2) Personal information. I was in a meeting the other week with some people from a few financial institutions and other consumer organisations looking at complaints handling (trust me 3 hours we only scraped the surface!) but I was asked by a senior executive of a very large financial institution what I thought about complaining on social media. I said it drove me nuts. It isn’t the place to effectively sort out complicated issues and it certainly isn’t the place to be trying to resolve financial products. He agreed saying that they have a problem with people giving out personal details. They are far less worried about you saying “oi @xyzbank your service stinks” than you being very polite and then giving your age, your address and your policy numbers openly! You are opening yourself up to fraud on your account to say nothing of identity theft.

3) Hashtags. Really? Must you? Inventing your own? Unless you have hundreds of thousands of Twitter followers who are all going to rt you why are you bothering? Who is going to look? Who is going to care? Perhaps find and use a hashtag so your tweets come up as one of many,  but think about it, how often do you look up a hashtag that you don’t know exactly what it is for and join in?!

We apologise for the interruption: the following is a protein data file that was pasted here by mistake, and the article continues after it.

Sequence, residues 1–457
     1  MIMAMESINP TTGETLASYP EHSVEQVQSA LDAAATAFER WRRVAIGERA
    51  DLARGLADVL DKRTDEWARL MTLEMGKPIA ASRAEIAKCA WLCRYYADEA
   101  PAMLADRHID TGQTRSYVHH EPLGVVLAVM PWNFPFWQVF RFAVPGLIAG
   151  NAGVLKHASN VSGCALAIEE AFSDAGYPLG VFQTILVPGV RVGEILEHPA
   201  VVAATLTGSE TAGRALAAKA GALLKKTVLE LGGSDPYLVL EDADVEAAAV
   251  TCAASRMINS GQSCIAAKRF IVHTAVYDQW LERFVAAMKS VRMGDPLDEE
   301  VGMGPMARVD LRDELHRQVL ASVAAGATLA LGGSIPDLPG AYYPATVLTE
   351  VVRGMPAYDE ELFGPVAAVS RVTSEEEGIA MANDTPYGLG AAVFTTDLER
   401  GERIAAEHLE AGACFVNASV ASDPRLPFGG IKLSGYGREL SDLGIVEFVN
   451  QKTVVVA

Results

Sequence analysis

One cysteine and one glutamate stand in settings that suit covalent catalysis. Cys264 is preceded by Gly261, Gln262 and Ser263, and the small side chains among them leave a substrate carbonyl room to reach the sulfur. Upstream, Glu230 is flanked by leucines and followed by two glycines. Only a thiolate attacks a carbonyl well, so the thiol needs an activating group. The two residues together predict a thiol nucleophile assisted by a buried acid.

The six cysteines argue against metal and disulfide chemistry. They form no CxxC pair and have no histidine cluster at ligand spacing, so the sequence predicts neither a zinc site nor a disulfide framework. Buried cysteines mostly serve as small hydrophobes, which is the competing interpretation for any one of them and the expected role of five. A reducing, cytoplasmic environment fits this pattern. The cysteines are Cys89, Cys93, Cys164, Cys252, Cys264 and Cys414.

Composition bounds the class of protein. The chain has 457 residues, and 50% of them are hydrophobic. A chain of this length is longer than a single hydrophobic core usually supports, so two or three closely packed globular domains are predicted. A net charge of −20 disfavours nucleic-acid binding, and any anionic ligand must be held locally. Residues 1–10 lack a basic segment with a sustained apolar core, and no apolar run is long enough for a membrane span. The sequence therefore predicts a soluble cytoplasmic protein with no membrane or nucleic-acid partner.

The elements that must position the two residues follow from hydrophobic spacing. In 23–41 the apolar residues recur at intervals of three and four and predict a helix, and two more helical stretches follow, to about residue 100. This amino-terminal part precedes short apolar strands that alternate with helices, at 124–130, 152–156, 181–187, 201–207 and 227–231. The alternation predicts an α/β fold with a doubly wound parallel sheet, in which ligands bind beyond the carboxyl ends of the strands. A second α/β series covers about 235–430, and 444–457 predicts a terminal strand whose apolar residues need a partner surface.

4) Keeping on. Now, I know I say if you aren’t happy go back until you are, but that’s when you have written your email outlining exactly what you want. I can keep going for as long as it takes going through customer services, the CEO, ombudsmen, the court, whatever, but not on Twitter or Facebook! I have been known to have a conversation or two with Virgin Media on Twitter. But that’s because I simply had a query that I wanted to do online and they were thoroughly obtuse. Only answering within certain times of the day and stuff! So I ended up having a conversation complaining about their stupid systems and their responses which had nothing to do with the initial enquiry anyway! (Now, see? I could rant forever and a day about the telecoms sector! But if you could too but actually want to get anything resolved see All you need to know about complaining to telecom providers) So where was I? Ah yes probably proving my point about not ranting in the last few sentences. If the company has not responded to two of your tweets or you haven’t been asked to send details about the complaint via their processes/email/private message then stop. Either you haven’t made yourself clear or they are useless at dealing with complaints on social media. Whatever the reason you are now wasting your time. No one is listening and you are being ineffective. Stop.